Most of us have or did have pets in our lives and are aware of the comfort and joy they bring. Yet we may be unaware of both the mental health and physical benefits we get from sharing our lives with our beloved pets. There are many studies that have documented the benefits of having a companion pet.
Living alongside us for centuries, pets have evolved and are attuned to humans. They are keenly aware of our emotions and our behaviors. Dogs and cats, as examples, understand many of our gestures, moods, tone of our voice, and even words. They can read our body language and seem to know when to cuddle.
Pets can quickly change our moods and reduce stress and depression. A hug, a jump in our laps, a nudging, and a playfulness can make us forget the struggles of the day. In fact, dogs have become so good at bonding that many are used as Emotional Support Animals. ESAs are trained to provide support through companionship and help ease loneliness, anxiety, and depression. Service dogs, on the other hand, help people with emotional and physical disabilities perform their day-to-day tasks. In many traumatic situations, dogs are brought in to support survivors or family members cope with their emotions. In other situations, dogs have been trained to deal with settings that are too risky for humans such as sniffing out explosives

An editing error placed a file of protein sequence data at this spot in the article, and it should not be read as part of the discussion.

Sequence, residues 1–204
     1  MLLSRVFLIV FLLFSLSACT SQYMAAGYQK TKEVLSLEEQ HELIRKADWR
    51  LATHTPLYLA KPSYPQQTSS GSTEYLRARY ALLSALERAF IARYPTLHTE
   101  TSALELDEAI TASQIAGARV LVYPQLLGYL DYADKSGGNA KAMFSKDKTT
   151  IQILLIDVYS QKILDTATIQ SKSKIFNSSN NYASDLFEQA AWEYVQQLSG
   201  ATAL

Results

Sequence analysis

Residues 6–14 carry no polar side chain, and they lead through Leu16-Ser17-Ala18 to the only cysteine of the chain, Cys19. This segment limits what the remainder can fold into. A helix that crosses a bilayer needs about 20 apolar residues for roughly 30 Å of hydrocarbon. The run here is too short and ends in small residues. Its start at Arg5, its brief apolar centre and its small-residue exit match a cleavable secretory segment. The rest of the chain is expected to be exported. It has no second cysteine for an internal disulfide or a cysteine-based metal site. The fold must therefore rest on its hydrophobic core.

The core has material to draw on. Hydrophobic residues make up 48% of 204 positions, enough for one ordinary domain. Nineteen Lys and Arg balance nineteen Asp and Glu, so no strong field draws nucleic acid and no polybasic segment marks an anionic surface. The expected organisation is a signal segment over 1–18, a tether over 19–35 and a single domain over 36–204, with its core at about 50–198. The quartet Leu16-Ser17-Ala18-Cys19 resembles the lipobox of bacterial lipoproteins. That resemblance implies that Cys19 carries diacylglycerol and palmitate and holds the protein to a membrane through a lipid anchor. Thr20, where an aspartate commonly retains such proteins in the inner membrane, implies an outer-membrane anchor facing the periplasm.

Pets can be quite loyal and often give without wanting much in return. Benefits of having a pet include:
In deciding to get a pet, recognize that it is a life-time commitment and will require care and maintenance. Discuss with family members whether there is enough room for a pet and who will be responsible for feeding, cleaning, and exercising them. Also, discuss what qualities your family wants in a pet and whether there is enough living space for your animal. Remember birds, reptiles, rabbits, and fish can also be pets.
Perhaps the greatest benefit from having a pet is the unconditional love you receive no matter what happens during your day.
We offer the following information about why pets are important:
THE IMPORTANCE OF PETS
If I could be half the person my dog is, I’d be twice the human I am…Charles Yu
WHAT TO KNOW!
- Caring for and relating with a pet can improve your mental health
- Pets have a deeply calming effect and can often sense a person’s moods
- Pets reduce stress, anxiety, depression, and loneliness by giving unconditional love and acceptance without criticism
- Pets don’t necessarily have to be dogs or cats; rabbits, snakes, fish, and birds can help to reduce muscle tension and lower pulse rate